Hi guys, what’s plotting?
I’m super excited, because I saw a pair of black woodpeckers today! In my rather outdoorsy life, this is only the second time ever that I’ve seen them in the flesh.
These birds are beautiful! All black, with cream coloured beak and eyes and a striking red mark on the top of their head. Males are red from the beak to the end of the head, females, only on the back half of the head. This “sexual dimorphism” is already visible in chicks, as soon as they get their feathers. For a woodpecker they are quite large with a rather thin neck.
My favourite thing about them is one of their calls, their “flight call”. It sounds like tropical frogs. In my opinion. Here’s an MP3:
And here are other sounds they make:
Where and How to Find Them
Black woodpeckers occur mostly in boreal and temperate, not too dense forests, where they make nesting holes in tree trunks. You may be able to recognise their nesting holes by the bark around the lower edge of the hole removed, and the wood beneath carved at an angle, so that rainwater will run down the outside of the tree, keeping the nest dry. Look for the holes at about 10 to 20 metres above the ground. The hole is about 13cm high and 8cm wide.
The best time to see woodpeckers in general is probably in fall: All the leaves have fallen and the woodpeckers are busy getting the insects out of the bark, crating that classic knocking sound, that carries quite a few kilometres. Listen, look up, appreciate a view unobstructed by leaves.
Why we Need Black Woodpeckers
This species builds long lasting nests by hollowing out holes in living tree trunks. They prefer mature beech trees, and they have an unknown method of figuring out that a specific tree is already rotting on the inside. They then peck through to the rot and simply remove the softened wood there to make a hollow for the nest. And these guys don’t make a house for life. They make many nests throughout their life-time. Holes in trees, you may think, that’s a bit shit. But because this bird is so productive, it is a “key species” (self explaining ecologist term) in the ecosystem, providing hiding places, and therefor better survival chances, for about 50 other species: Ranging from insects, like wasps and bees over birds of all shapes and sizes, particularly stock doves (Columba oenas) to mammals, including edible dormouse (Glis glis) some endangered bat species and even the woodpeckers greatest predator: the pine marten (Martes martes).
Black woodpeckers help keep the forest healthy, because they eat wood-boring grubs and insects that are horrible pests to the trees. And there is on-going research about how these woodpeckers benefit fungi and their role in a healthy forest system.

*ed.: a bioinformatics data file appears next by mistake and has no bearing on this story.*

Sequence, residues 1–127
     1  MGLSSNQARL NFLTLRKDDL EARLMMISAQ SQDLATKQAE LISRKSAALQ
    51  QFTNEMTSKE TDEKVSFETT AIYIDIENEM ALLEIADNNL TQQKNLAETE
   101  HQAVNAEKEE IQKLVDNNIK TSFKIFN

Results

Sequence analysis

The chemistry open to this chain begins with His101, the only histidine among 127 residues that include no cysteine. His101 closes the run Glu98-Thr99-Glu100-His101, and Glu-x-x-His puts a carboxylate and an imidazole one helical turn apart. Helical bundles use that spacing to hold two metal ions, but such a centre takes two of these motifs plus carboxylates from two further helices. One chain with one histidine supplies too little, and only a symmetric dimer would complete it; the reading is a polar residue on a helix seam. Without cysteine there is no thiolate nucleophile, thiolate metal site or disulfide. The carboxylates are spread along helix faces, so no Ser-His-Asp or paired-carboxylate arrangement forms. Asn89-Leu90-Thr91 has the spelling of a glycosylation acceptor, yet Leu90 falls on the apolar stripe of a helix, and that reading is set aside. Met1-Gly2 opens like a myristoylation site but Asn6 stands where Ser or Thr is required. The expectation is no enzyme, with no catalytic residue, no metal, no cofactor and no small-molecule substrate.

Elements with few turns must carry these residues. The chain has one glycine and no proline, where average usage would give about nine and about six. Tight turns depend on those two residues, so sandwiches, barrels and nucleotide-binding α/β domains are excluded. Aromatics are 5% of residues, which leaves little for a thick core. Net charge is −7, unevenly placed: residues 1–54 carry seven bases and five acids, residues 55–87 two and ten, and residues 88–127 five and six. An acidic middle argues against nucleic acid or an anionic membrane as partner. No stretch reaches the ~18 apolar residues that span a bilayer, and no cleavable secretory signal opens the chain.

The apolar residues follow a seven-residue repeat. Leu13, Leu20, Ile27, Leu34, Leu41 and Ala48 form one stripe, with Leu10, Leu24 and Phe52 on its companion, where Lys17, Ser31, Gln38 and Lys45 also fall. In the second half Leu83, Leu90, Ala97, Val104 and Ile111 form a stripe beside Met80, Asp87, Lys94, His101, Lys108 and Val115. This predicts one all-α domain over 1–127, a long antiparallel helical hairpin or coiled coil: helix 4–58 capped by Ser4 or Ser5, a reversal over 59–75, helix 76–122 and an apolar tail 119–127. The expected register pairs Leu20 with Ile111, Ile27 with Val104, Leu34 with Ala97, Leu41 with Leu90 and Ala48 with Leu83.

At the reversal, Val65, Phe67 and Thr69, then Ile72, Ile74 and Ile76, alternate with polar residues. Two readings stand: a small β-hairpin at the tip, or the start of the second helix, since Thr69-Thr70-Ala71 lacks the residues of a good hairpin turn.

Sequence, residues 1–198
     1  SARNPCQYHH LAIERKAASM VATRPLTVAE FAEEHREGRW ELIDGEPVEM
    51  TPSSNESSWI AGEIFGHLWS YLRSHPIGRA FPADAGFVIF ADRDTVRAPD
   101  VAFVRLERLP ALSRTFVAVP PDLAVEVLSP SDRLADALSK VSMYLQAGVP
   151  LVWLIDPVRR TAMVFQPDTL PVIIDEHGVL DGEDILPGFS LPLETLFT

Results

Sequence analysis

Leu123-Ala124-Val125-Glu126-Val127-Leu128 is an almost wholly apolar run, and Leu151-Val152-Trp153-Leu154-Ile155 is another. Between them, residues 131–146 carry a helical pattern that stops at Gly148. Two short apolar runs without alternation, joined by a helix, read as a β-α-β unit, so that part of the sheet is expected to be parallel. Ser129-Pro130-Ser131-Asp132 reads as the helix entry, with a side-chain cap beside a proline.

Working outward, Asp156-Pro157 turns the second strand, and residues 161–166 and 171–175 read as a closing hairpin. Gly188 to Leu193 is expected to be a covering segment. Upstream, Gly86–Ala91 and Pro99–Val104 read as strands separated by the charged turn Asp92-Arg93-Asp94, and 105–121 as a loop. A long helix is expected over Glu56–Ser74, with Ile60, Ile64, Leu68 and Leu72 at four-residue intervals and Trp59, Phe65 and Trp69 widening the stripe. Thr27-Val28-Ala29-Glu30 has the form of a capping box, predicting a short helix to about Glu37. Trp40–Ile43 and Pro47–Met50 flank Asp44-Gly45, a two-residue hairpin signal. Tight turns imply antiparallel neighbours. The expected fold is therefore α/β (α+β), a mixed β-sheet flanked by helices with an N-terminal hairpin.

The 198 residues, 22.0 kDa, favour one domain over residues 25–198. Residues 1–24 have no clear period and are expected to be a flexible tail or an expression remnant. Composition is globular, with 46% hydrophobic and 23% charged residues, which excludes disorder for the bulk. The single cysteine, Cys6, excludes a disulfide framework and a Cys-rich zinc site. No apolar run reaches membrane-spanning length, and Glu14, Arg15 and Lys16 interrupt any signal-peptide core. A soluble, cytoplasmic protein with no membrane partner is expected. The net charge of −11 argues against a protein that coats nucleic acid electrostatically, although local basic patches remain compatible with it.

If you are in temperate or boreal Europe or Asia, now is a great time for a walk in the forest and a listen for the sound of rain forest frogs. Maybe you’ll see a crow hanging from the side of a tree, be confused, then see a flash of red and be as excited as me.
How to Protect Black Woodpeckers
Black woodpeckers are not considered endangered by IUCN or Birdlife, because their range is so big. There is some trouble in paradise because they like the same kind of trees as timber industry, so they don’t do so well in commercial forests.
What you can do, is tell a friend about them so that they appreciate this species too. Appreciation is always helpful in conservation.
Birdlife International, 2016: Black Woodpecker Dryocopus martius, Accessed 29 November 2018 at http://datazone.birdlife.org/species/factsheet/black-woodpecker-dryocopus-martius/details
IUCN, 2018: Black Woodpecker Dryocopus martius, Accessed 29 November 2018 at https://www.iucnredlist.org/species/22681382/87301348
Rolstad, J., Rolstad, E., Sæteren, Ø. 2000: Black Woodpecker Nest Sites: Characteristics, Selection, and Reproductive Success The Journal of Wildlife Management Vol. 64, No. 4, pp. 1053-1066
Sikora, L., Schnitt, D., Kinser, A, 2016 Folgeuntersuchung von Schwarzspecht-Höhlenbäumen im Biosphärengebiet Schwäbische Alb – Abschlussbericht AZ:55-8/8848.02-04 Deutsche Wildtier Stiftung
Zahner, V., Sikora, L., Pasinelli, G., 2012: Heart rot as a key factor for cavity tree selection in the black woodpecker. Forest Ecology and Management Vol 271, pp. 98–103
Audio recordings derived from www.xeno-canto.org Go there to discover crazy bird noises or upload your own recordings of mystery songs, and the community will help identify the species.